Probably not.

Member for

21 years

Member Mon, 12/13/2004 - 13:24
DH I can't compare SX2 to SAW but can compare a Roland VS2480 VS SAW . I recorded 14 tracks on the 2480 ( live drums gtr/bass/muti vox etc. ) mixed them in the Roland then exported the tracks as wav's ( 24 bit 44.1khz )

Remixed in Saw and the difference was dramatic IMO ( not because od gear/software lust real listening !!!)

The top end was much clearer and defined as well as the low end ( much more spatial wider well defined ) the mix's just sounded way better ( I could continue to use all kinds of definitions but you get the point )

I feel as though I have gained 5 yrs in the studio just by changing platforms ( this may well have happened using PT as well ???? )

There are several things in SAW that really help
1. The compressors are VERY good
2. The mix bus is VERY good ( 64 bit )
3. The Eq is like a good console EQ
4. The softedge feature

Also very low CPU usage with lots of tracks (written in assembly lasnguage )


later
Buzz

Member for

21 years

Member Tue, 12/21/2004 - 22:40
I suppose PT is fairly priced? We may not think so, yet people still shell out the cash for it.

BTW, there are light versions of SAWStudio available, starting at only $300 americanoz. That get's you 90% functionality of the full version.

As far as MidiWorkShop, it is a full featured midi editor with rock solid sync to the audio. To quote another MWS user (and if he doesn't like it he can take me court),(how's that for friendly :P )

"Your "drift stress" has just been relieved and there were no pills with nasty sideFx's involved. Better living through SawStudio technology!"

This is worth alot more to me than extra doodads. MWS is a solid pro level tool.

The main problem with SAW, or MWS is that you can't get a good feel for it by skimming it. The user really needs to dig in and RTFM to get a realistic view of the capabilities. Unfortunately for SAW and RML Labs, that's not what most people do. They do the equivalent of driving a formula one car around the course at 25mph. Ya' gotta open 'er up, man! Let 'er show ya' what she's got!


As you can tell, I like the software I use. I would love to see it become a standard, as it is worthy of the status. But, then again, I appreciate the small, friendly community of SS users. So, as long as it isn't misrepresented, the world can take it or leave it. I'll still use it and so will alot of other folks.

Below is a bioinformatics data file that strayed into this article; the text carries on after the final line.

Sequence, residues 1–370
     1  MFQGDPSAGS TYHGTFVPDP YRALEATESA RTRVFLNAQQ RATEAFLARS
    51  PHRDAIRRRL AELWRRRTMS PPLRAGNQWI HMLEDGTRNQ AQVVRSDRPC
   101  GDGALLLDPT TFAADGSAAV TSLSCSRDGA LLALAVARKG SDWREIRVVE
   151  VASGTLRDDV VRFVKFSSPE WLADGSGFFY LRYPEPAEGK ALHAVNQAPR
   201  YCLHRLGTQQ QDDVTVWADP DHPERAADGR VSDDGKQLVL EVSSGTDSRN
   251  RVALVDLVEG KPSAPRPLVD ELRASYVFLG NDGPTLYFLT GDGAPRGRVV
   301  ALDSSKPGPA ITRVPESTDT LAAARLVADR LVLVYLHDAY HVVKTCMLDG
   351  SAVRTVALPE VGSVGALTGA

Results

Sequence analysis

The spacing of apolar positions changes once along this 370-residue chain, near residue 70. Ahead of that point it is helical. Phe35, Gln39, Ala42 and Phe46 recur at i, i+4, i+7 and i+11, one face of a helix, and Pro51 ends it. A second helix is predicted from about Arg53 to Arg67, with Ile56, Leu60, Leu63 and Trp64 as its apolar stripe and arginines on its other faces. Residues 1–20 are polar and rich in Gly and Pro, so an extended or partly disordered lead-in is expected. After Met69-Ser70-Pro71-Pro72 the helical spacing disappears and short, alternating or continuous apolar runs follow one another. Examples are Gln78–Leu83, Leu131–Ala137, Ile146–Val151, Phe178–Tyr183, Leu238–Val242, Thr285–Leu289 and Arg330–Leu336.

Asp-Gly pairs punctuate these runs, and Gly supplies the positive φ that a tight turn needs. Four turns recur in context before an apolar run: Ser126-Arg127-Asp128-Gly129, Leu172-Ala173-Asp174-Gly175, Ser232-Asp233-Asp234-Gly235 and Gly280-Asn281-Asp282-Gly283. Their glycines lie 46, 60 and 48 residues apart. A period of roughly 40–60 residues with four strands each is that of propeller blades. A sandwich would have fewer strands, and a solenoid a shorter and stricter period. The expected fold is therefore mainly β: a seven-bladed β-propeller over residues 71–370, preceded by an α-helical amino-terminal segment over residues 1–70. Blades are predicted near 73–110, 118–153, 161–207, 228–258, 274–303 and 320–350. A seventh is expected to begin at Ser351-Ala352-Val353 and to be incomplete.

BTW, kidding T, man don't take me to court :wink:

Member for

21 years

Member Wed, 12/22/2004 - 00:13
Hard to compare Protools to anything, since it is only marketed to be used with Digidesign hardware, but, you can get a copy of Protools LE AND a Digi 002 Firewire rack, both, for less than 1200 dollars.

I was thinking more along the lines of Steinberg Cubase or Cakewalk Sonar, which currently sell for 600 bucks....there are stripped down versions of these available for a hundred bucks, or less.

600 dollars vs 2500 dollars.

Time for a little word-problem:

If the stripped version of SAW at 300 bucks has 90% functionality, and the other 10% functionality is 2200 bucks more, what is it in that remaining 10% functionality that makes it worth over 7 times more than the whole other 90%?

As far as SAW MIDI Workshop goes, I don't think it really stands up to what Cubase or Sonar offer, MIDI-wise, overall.

If you've used Cubase for any length of time Saw MIDI Workshop appears very sparse, by comparison.

Steinberg pretty much invented midi triggered virtual instruments, and I think that definately gives them the edge in that area of MIDI functionality.

SAW seems to have some catching up to do, there.

The real rub is that Lentini considers SAW Studio MIDI Workshop to be an add-in feature, and charges you an extra 300 bucks just for it....you pay 2500 dollars for a program and then have to still pay another 300 dollars for so-callled full MIDI functionality?

I've never experienced any midi sync drift in Cubase...maybe this because I've never really taxed Cube's midi sync capabilities?

Lentini has been hawking his SAW program for many years...he is very good at making it sound exciting and awesome..and maybe it actually is, in a pro studio environment...in fact you can even talk to him personally on the SAW forums...I believe he still answers about all messages.

Now that may be one BIG reason to consider SAW...real one-on-one access to the actual software developer?

:o

Member for

21 years

Member Tue, 01/04/2005 - 15:33
According to Bob Lentini that recording was done on location, in a Vegas nightclub...but yah...it could just as well have been done in one of the 18 bathrooms of his multi-million-dollar house in the Vegas hills...the house he paid for with cash from all of those 2500 dollar SAW contributions...:lol:

Heh..so you think Yamaha (Steinberg's latest owner) is going to be stupid enough to double the asking price of a Steinberg product so soon after buying the company?

:roll:

Member for

21 years

Member Wed, 01/26/2005 - 15:16
And why shouldn't he enjoy what is has rightfully earned!? reward v risk. He took the risk to develop the product, he gets the reward.

Coming across this post made took me back 10+ years ago when I was using saw+ on a pc and StudioVision on a Mac II. I can't believe that it is still around!

I had a look at the website and if nothing else all the so called big boys should learn from this site how to put together a showreel site that will generate sales just from watching the product in action. Very informative.

And this is from a guy who uses Logic Pro 6.4.3 and soon Nuendo 3.

beya

Member for

21 years

Member Wed, 01/26/2005 - 16:32
Heh..so you think Yamaha (Steinberg's latest owner) is going to be stupid enough to double the asking price of a Steinberg product so soon after buying the company?